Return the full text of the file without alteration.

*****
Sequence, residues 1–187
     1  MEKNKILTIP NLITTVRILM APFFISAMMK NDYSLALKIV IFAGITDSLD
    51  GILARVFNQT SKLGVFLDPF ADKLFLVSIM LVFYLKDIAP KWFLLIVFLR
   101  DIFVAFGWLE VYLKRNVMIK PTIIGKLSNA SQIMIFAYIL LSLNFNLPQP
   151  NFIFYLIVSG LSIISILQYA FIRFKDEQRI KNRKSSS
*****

Sequence, residues 1–187
     1  MEKNKILTIP NLITTVRILM APFFISAMMK NDYSLALKIV IFAGITDSLD
    51  GILARVFNQT SKLGVFLDPF ADKLFLVSIM LVFYLKDIAP KWFLLIVFLR
   101  DIFVAFGWLE VYLKRNVMIK PTIIGKLSNA SQIMIFAYIL LSLNFNLPQP
   151  NFIFYLIVSG LSIISILQYA FIRFKDEQRI KNRKSSS